10 Things To Try In April (fly fishing related of course)

10 Things To Try In April (fly fishing related of course)

Banish those winter blues and get off to a flying start this year!

 

  1. Buy A Rod License

You can’t go fishing in England and Wales without a Rod license, well, you can if you’re under twelve, so you make sure you have one.

These can be purchased online or from your local Post Office, some fisheries even sell them. There are a few ticket options available to suit most anglers needs!

 

  1. Bank Fish A Reservoir

The fishing at this time of the year can be out of this world.

All the recently introduced stock fish will be holed up in the bays and creeks where they were stocked, so make the most of it by fishing from the bank.

These trout can be easy to catch and they fight incredibly well, they really do provide the angler with a bit of a bonanza, you’d be mad to miss out.

 

Bank fishing is productive and far less hassle than the boat in April.

 

  1. Early Bird

Reservoirs can become hectic in April, everyone is competing to get to the known early season hotspots, so you need to get yourself there early doors.

 

  1. The Dam Wall

The great thing about the dam wall is that it often offers anglers access to deep water without them having to cast to the horizon. The fish are often close in and they will move up and down the dam wall throughout the day, so if you stay in one spot they are likely to head your way sooner or later.

It’s a popular area though, so see suggestion number 3!

 

Dam walls are hotspots, but get there early!

 

  1. Try A Bung

When it comes to early season deadly fishing methods, then the Bung is right up there. Not only will some nice shiny Superglue Buzzers suspended mid water tempt those – I’m not stupid enough to take a lure – stockies, they have the added advantaged of picking up the better, over wintered fish.

A bung enables you to fish your impressionistic flies at various specific depths in the water column so that you can search out where the fish are more effectively.

 

  1. Black and Green

If there’s one colour combination that you must try at this time of the year it has to be the lethal black and green. There’s something very special about these two colours for cold water. Look to try flies like, Concrete Bowl, Viva and Black Cats.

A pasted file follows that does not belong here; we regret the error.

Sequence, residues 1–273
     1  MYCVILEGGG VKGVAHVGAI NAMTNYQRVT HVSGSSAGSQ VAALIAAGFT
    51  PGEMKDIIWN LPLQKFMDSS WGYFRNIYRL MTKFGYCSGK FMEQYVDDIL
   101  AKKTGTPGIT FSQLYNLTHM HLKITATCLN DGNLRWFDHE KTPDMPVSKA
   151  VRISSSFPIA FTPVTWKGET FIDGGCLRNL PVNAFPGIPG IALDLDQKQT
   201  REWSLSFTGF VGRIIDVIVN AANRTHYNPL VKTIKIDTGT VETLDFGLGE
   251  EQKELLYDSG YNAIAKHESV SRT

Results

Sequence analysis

A killer colour combo, black & green, this takes some beating in cold water.

 

  1. Bank On Boobies

There’s something about Boobies that trout just can’t seem to resist.

On large waters, use a fast sinking line and a leader of around 12ft with one or two Boobies spaced an equal distant apart, one on dropper around 6ft from the end of your sinking line with another on the point. This will allow you to cover the depths and find where the fish are in the water column.

ALWAYS keep in touch with your flies.

 

Don’t be a jerk and leave your rod static, fish the flies at all times!

 

  1. Try Fishing A River

To many of us are quite happy to sit it out on small waters or reservoirs and we don’t make the effort to cast a fly in running water. This is a real shame as some of the best fishing you’ll ever experience will be on a river. There’s nothing quite like it.

It takes a lot more time and patience to get results but once you get into the why wherefores of river fishing, you’ll become hooked.

 

  1. Spot A Riser

This is the best when it comes to river fishing, searching the water for signs of feeding fish, or a riser! Nothing gets the heart pumping faster than a big early season trout coming up for Olives!

 

This fish was spotted taking duns mid river, it took my dry first cast over it!

 

  1. Try That Dry Fly

On rivers a dry fly is often the best line of attack when the trout are up. Keep it simple with pattern choice as they won’t be too fussy just now. Focus on size and colour and you shouldn’t go far wrong. The key is making sure it behaves naturally, so no drag.

 

Keep flies simple early doors, thread and some CDC, can work wonders!

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